To prove such a claim, one would have to show not just that the Obama administration has launched such strikes more frequently than the Bush administration did, but that it has been killing suspected al Qaeda members in situations where Bush would have tried to catch them alive—and that the Bush administration's heralded "live captures" took place in circumstances where Obama has instead ordered targeted strikes. But most of the "high value" al Qaeda members that the CIA detained under Bush were taken into custody in places where ordinary law-enforcement operations were not only possible, but the only practical option. Khalid Sheikh Mohammed, for example, was hiding in a house in Rawalpindi, a city in the heart of Pakistan, when Pakistani authorities arrested him, and then turned him over to the CIA. Abu Zubaydah was arrested in the Pakistani city of Faisalabad; Ramzi bin-al-Shibh and Walid bin Attash were taken in Karachi; "Hambali" was picked up by police in Ayutthaya, Thailand. Obviously, the Bush administration was not going to launch missiles into the populated centers of Pakistan and Thailand; it would have sought to arrest these men whether the CIA prisons existed or not.
When the Bush administration pinpointed what it considered "high value" targets in more lawless places, where it was not possible to send police to make an arrest, it, too, used deadly force. A CIA drone killed several al Qaeda suspects in an isolated region of Yemen in 2002, and drone attacks have been reported in Pakistan since 2004. U.S. forces also struck suspected terrorists in Somalia in the Bush years, and there is no record of the Bush CIA snatching anyone alive from that country's ungoverned areas, even though it had secret prisons to put them in.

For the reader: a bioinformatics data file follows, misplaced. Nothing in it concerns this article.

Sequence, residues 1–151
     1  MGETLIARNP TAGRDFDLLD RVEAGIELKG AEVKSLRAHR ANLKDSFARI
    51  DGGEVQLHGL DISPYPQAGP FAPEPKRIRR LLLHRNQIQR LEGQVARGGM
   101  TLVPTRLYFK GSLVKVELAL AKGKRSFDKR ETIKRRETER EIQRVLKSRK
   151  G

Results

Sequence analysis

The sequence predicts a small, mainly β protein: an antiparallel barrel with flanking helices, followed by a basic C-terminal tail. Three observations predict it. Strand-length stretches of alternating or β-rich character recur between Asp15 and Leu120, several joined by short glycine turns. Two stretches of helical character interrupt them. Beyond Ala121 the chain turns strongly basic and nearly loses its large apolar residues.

The main difference between the two administrations is that Obama has greatly intensified drone attacks in Pakistan. But there is no evidence that this has anything to do with Obama's alleged reluctance to capture terrorists alive. The Bush administration also rarely tried to arrest Taliban and al Qaeda members in Pakistan's tribal areas—in fact, it mostly left them alone, naively trusting Pakistani dictator Pervez Musharraf to confront militants, despite the failed deals he kept cutting with them.
Last year's strike in Somalia also doesn't back up claims that Obama is ordering kills because he lacks detention options. The man targeted, Saleh Ali Nabhan, was on the FBI's most wanted list and could easily have been held and prosecuted in the U.S. criminal system. Obama's critics may dislike detaining terrorist suspects in federal prisons or interrogating them without torture. But the option clearly exists and the Obama administration happens to think it is a good one. It would not be logical for it to have someone killed simply to avoid using it.
The truth is that both Bush and Obama have judged that there are places in the world where it is hard to capture suspected terrorists alive without placing U.S. forces at undue risk. There's a good argument to be had about the legal and practical merits of using deadly force in these situations. But to say that Obama's use of targeted killings is something new, and that the Bush policy of disappearances and torture was a kind and gentle alternative, is profoundly disingenuous.
Tom Malinowski is the Washington Advocacy director for Human Rights Watch.